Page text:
edge accuracy and completeness, evaluating operational complexity, and recommending optimum
human-machine decision-making interaction. The
interaction between the human and automated decision space is not illustrated in the simplified concept
shown in figure 12, but this interaction would be significant in tactical operations.
The outputs of the conceptual decision space system would include decision alternatives, estimations
of predicted consequences, estimated probabilities of
success and failure, and the confidence levels associated with source information, options, and knowledge in general.
To coordinate tactical decisions across the force, a
system of distributed decision systems is needed. A
future concept that relies heavily on AI technologies
is to integrate identical intelligent agents onto distributed warfare platforms. These agents would share
data and information and each develop decision
alternatives for both individual resource management and force-level battle management options.
The distributed agents would share decision alternatives and synchronize their selections. This system of
decision systems would enable distributed warfare
coordination with the objective of optimizing warfare resources at the force level. This futuristic concept would depend on intelligent analytical methods
as well as intelligent and self-aware data strategies
and data architectures. Ultimately, such a system of
AI systems would enable huge gains in tactical decision superiority.
Using methods of machine learning to process and
analyze large amounts of heterogeneous data and
information, AI technology can make predictions
about probable effects, outcomes, and responses. These
AI methods, referred to as predictive analytics (PA), can
provide a powerful capability for tactical decision-mak-
ing. Armed with the knowledge of possible effects and
adversary responses to courses of action, warfighters
can leap ahead in terms of applying longer-term strat-
egy to near-term warfare decisions.
A PA capability enables strategic operations within
the tactical domain — enabling projections of possible consequences and effects of decision alternatives.
Conceptually, PA can develop what-if and if-then predictive scenarios to shape the synthesis of future intelligent decisions and coordinated resource management. PA would identify projected short-term and
long-term effects of different course of action options.
It would enable BMAs to assess these projections and
weigh them as courses of action are selected.
Figure 13 contains some of the notional capabili-
ties of a future PA capability. Given tactical knowl-
edge of the operational situation and warfare assets,
as well as COA options developed by the resource
management capability, PA could assess the conse-
quences of COAs and develop projected future states
of the environment and warfare assets. These projec-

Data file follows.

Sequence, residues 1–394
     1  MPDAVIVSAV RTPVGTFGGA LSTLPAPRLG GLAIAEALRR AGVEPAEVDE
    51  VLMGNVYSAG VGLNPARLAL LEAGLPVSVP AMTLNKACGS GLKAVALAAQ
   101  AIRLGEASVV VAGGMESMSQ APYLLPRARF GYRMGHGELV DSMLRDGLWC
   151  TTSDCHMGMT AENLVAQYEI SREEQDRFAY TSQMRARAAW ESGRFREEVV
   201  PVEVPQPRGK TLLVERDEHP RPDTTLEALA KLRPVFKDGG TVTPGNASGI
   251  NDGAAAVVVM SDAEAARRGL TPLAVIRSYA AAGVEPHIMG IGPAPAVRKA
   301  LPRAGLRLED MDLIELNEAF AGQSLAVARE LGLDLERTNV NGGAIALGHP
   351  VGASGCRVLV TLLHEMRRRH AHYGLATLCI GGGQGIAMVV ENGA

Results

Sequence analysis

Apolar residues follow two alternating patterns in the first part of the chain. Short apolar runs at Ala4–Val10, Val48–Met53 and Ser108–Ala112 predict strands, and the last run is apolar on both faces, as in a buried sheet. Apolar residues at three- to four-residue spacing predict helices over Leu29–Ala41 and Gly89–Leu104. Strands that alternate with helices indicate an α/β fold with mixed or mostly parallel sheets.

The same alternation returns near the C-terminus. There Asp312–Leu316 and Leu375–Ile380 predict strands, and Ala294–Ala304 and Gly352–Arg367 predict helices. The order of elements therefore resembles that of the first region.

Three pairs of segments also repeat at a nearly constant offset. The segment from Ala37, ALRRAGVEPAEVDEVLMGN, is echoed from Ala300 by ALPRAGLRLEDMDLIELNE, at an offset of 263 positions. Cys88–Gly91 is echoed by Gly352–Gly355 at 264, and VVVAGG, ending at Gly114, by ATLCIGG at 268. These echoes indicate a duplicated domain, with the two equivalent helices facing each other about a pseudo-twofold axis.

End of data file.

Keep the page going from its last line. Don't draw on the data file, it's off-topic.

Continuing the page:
tions would be used to support the selection of COAs
with the most desired consequences. A PA capability
would support tactical actions that best align short-
and longer-term objectives. It could also assess the
possible effects of weather predictions and the avail-
ability, depletion, and projected capability of warfare
resources. It could also assess and predict the overall
readiness, resilience, and warfare capability of a tac-
tical battle group.
A PA capability could employ game theory methods to perform war-gaming assessments to predict
enemy responses to tactical actions. A model of the
adversary’s predicted knowledge, capabilities,
intents, and strategies would have to be developed
and maintained based on our knowledge and predictions of the enemy. In addition, it would be necessary to develop and maintain a predicted model of
what the enemy knows about our forces, based on
assumptions and any tactical knowledge we have.
This war-gaming capability could conceptually be
part of the operational BMA capability for tactical
In summary, the battle management problem space
is complex and it will only continue to grow in com-
plexity with the addition of more sensors, more
information, more unmanned threats, more non-
state adversaries, and advances in technology. This
ever-increasing complexity places a greater demand
on tactical decisions — requiring them to be made
both more quickly and more effectively. The level of
complexity can easily exceed the abilities of human
decision-making. Fortunately, the increase in sensors
and information systems is also creating an opportu-
nity for AI as a capability enhancer and improver for
tactical decision support. This paper introduced some
concepts for using AI to improve combat identifica-
tion, shared situational awareness, battle manage-
ment, resource management, and operational war-
gaming. Employing AI effectively will require a
holistic systems of systems approach to create an
adaptive architecture of decision aids that synchro-
nizes distributed knowledge and decisions across the
force, establishes and maintains decision scope, iden-
tifies levels of situational complexity, and self-assess-
es to manage human-machine interaction modes
and determine levels of confidence in knowledge and
COA. The effective use of AI in support of human
warfighters provides the foundation for tactical solu-
tions and decision superiority.
1. A response US Secretary of Defense Donald Rumsfeld provided at a US Department of Defense news briefing, February 12, 2002.